Brain balance!
Standards for handling and storing CDs and DVDs The importance of being Gollum

(CNN)—About three weeks' work.

That's what Andy Serkis' agent told the actor in 1999 when he was first offered the role of Gollum in the "Lord of the Rings" films. "They want to see you for the voice for an animated character," he was told.

More than four years later, Serkis' work as Gollum was finally done. And he was far more than a "voice for an animated character."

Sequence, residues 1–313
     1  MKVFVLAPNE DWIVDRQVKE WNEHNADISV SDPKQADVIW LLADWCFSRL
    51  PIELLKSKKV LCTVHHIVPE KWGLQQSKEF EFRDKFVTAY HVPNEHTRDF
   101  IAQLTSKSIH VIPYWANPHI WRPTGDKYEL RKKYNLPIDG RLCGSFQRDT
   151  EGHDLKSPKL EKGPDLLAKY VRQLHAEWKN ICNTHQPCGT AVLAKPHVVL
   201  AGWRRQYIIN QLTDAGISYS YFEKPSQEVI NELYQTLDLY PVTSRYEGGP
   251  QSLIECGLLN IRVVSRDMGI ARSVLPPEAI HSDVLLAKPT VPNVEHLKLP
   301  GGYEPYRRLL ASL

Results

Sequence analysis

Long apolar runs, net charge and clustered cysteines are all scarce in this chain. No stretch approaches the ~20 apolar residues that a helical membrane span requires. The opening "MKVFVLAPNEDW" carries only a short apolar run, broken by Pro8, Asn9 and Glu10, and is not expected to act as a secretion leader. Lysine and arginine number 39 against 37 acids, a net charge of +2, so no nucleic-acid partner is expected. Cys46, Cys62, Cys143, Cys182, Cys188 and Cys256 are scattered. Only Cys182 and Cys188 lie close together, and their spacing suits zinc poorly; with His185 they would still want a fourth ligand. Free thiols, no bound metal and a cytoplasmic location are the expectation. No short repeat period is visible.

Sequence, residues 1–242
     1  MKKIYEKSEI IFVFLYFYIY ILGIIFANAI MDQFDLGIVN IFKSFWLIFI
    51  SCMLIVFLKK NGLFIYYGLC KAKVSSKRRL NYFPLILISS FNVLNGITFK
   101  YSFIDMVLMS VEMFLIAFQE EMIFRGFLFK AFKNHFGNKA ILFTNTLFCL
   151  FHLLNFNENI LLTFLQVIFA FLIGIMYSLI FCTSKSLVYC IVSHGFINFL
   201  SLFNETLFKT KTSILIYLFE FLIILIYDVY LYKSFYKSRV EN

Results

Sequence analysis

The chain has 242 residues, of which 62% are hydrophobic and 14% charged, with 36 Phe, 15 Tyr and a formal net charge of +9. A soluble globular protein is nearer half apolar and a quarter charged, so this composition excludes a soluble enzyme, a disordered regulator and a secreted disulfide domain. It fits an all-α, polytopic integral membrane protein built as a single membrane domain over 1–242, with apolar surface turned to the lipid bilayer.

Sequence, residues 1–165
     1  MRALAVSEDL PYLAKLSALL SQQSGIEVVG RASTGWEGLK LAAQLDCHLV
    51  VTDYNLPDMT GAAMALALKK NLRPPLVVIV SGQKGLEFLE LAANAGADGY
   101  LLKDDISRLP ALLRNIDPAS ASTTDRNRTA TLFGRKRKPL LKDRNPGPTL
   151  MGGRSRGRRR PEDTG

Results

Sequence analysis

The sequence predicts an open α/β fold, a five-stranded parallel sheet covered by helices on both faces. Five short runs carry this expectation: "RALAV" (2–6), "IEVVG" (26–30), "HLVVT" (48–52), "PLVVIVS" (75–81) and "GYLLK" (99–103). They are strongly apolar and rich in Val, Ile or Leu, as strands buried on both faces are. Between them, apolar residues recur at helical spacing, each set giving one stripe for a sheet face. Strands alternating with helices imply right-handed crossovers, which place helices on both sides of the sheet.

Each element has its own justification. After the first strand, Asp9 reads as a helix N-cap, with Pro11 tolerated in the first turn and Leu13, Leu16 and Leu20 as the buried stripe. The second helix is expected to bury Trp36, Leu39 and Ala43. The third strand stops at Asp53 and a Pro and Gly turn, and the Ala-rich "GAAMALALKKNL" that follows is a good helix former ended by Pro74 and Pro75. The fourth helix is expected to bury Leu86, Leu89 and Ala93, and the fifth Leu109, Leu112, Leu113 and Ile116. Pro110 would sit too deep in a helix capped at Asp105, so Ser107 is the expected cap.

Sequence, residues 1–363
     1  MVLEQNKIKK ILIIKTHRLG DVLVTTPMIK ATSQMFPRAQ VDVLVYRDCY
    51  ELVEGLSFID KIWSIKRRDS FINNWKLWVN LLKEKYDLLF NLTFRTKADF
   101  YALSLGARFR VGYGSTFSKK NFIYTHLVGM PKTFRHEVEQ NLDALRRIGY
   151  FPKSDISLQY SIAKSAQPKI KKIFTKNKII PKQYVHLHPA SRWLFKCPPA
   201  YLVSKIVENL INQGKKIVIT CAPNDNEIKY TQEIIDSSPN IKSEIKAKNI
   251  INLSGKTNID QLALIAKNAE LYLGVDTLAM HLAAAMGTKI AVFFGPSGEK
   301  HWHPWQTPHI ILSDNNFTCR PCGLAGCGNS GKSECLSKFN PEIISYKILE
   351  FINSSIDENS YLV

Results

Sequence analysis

Gollum, in fact, was a groundbreaking computer-generated character, equal parts Serkis' strangled, haunted voice, his classical acting and the latest computer technology.

The actor's full-bore performance has earned talk of an Oscar nomination and a loyal fan base known to mutter "My precioussss" in Serkis' distinctive gasp (inspired by a hairball-coughing cat).

Although it didn't turn out to be a three-week lark—something Serkis knew from his first meeting with director Peter Jackson and Jackson's partner and "Lord of the Rings" co-writer Fran Walsh—he thought it would be something special. With the encouragement of Walsh, he started keeping a journal.